|Battle of Lens|
|Part of the Thirty Years' War and the|
Franco-Spanish War (1635–59)
The Grand Condé at the battle of Lens, 20 August 1648, victory over the Spanish troops commanded by archduke Leopold Galerie des Batailles
| France|| Spain|
|Commanders and leaders|
| Prince de Condé|| Archduke Leopold Wilhelm|
Jean de Beck (DOW)
18,000 (2,000 Spanish)
|Casualties and losses|
|1,500 killed and wounded|
3,000 killed and wounded
The Battle of Lens (20 August 1648) was a French victory under Louis II de Bourbon, Prince de Condé against the Spanish army under Archduke Leopold Wilhelm in the Thirty Years' War (1618–1648). It was the last major battle of the war and a shattering French victory. The battle cemented the reputation of Condé as one of the greatest generals of his age.
After the crushing French triumph at Rocroi against the Spanish Army of Flanders, the French went on to capture dozens of towns throughout northern France and the Spanish Netherlands over the next four years. Archduke Leopold Wilhelm was appointed governor of the Spanish Netherlands in 1647 to strengthen Spain's Habsburg alliance with Austria and began a major counteroffensive the same year. The Spanish army was successful at first, reconquering the lost fortresses of Armentières, Comines and Landrecies.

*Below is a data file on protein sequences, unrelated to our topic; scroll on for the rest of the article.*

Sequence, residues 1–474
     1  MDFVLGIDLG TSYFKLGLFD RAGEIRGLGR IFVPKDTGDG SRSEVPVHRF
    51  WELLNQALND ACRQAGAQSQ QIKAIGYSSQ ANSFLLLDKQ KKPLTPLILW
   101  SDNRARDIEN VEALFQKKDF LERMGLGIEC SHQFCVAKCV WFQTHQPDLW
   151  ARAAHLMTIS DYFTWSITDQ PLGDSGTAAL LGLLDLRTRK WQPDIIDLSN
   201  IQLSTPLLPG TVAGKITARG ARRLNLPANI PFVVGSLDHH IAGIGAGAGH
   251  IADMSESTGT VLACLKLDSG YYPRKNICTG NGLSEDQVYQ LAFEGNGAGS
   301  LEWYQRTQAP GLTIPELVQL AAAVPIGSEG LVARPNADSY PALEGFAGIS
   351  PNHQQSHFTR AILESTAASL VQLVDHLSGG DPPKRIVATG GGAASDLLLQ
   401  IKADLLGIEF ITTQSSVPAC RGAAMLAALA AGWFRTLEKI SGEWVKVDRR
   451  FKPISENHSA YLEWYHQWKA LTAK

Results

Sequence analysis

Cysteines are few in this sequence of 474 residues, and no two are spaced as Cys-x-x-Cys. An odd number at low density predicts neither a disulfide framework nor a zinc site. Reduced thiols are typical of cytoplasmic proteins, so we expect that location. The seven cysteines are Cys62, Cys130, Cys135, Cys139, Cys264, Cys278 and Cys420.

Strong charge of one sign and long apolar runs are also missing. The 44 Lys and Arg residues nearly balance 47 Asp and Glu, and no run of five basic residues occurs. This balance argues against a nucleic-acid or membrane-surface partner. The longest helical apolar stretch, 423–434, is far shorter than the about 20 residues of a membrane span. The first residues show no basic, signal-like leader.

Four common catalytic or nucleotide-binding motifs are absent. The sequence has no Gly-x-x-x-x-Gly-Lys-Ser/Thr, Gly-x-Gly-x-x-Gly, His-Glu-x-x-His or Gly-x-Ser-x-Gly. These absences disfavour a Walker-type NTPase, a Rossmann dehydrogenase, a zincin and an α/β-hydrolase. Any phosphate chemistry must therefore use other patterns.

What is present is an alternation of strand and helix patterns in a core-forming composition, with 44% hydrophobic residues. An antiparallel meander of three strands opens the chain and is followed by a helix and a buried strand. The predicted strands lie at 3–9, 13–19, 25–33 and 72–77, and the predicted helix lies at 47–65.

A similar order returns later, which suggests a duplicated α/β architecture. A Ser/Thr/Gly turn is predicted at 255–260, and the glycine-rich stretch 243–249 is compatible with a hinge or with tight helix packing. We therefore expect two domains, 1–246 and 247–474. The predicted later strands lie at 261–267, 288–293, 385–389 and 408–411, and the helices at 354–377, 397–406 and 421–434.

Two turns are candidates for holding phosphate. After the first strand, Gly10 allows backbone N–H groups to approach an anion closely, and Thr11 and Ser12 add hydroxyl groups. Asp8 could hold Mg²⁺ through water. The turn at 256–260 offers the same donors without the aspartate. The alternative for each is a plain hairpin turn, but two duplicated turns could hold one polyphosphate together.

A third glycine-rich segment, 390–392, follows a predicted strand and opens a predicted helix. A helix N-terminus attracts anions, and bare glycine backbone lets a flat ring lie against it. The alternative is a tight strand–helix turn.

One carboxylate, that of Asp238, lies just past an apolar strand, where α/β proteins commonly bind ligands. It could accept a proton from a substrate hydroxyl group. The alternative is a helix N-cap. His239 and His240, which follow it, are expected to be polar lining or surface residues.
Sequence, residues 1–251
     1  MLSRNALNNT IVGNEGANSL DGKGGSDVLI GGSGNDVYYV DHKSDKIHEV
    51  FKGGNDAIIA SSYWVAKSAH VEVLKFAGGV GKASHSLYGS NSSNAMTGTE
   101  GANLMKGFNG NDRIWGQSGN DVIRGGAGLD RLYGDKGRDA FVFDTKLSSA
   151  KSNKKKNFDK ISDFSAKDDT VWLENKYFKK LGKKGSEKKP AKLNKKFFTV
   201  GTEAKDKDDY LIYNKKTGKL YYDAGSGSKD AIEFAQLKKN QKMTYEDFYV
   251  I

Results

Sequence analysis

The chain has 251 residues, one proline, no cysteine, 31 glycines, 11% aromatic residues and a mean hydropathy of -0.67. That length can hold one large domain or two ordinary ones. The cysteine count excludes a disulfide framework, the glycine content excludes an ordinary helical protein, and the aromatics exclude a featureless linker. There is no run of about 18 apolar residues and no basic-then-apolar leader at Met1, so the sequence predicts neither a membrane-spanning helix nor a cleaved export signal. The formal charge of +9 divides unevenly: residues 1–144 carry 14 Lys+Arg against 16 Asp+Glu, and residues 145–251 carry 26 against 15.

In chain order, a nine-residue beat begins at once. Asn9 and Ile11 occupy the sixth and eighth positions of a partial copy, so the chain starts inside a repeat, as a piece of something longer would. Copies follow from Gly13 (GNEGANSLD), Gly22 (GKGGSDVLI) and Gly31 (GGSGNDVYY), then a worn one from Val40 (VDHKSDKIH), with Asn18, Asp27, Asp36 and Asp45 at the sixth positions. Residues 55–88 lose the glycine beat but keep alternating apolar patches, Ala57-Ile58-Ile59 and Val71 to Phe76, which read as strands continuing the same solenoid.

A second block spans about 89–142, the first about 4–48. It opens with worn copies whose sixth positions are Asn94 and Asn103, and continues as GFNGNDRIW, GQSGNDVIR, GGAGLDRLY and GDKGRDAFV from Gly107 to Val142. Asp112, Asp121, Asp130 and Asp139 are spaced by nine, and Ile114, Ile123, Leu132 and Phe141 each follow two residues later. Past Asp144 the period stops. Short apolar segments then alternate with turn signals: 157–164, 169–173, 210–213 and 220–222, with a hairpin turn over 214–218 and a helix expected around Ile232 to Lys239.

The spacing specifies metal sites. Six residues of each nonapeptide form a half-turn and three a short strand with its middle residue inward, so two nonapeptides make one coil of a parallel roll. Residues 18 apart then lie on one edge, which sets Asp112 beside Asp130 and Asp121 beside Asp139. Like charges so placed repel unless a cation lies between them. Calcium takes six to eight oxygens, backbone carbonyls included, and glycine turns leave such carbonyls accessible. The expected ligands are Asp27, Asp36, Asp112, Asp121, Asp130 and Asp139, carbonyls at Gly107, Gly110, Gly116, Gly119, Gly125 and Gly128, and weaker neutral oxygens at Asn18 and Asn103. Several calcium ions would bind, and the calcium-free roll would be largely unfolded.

The Prince de Condé was recalled from a failed campaign in Catalonia against the Spanish and appointed commander of the 16,000-man French army opposite the Spanish army of the Archduke and General Jean de Beck, the governor of Luxembourg. Condé captured Ypres but then the 18,000-strong Spanish-German force laid siege to Lens. Condé advanced to meet them.
In the battle that ensued, Condé provoked the Spanish into giving up a strong hilltop position for an open plain, where he used the discipline and superior close-combat capabilities of his cavalry to charge and rout the Walloon-Lorrainer cavalry on the Spanish wings. The French infantry and cavalry in the center were attacked by the strong Spanish center, suffering heavy losses but holding their ground. The French cavalry on the wings, freed from any opposition, encircled and charged the Spanish center, who promptly capitulated. The Spanish lost half their army, some 8,000–9,000 men of which 3,000 were killed or wounded and 5,000–6,000 captured, 38 guns, 100 flags along with their pontoons and baggage. French losses were 1,500 killed and wounded. The French victory contributed to the signing of the Peace of Westphalia but the outbreak of the Fronde rebellion prevented the French from exploiting their victory to the hilt against the Spanish.